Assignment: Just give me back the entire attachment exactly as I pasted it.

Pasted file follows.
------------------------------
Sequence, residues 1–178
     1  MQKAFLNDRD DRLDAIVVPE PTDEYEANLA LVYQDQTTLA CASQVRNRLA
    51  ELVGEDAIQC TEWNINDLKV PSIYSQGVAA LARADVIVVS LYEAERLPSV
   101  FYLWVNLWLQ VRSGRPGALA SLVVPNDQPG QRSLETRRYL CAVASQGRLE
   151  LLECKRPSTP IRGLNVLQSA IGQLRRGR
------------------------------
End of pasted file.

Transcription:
Sequence, residues 1–178
     1  MQKAFLNDRD DRLDAIVVPE PTDEYEANLA LVYQDQTTLA CASQVRNRLA
    51  ELVGEDAIQC TEWNINDLKV PSIYSQGVAA LARADVIVVS LYEAERLPSV
   101  FYLWVNLWLQ VRSGRPGALA SLVVPNDQPG QRSLETRRYL CAVASQGRLE
   151  LLECKRPSTP IRGLNVLQSA IGQLRRGR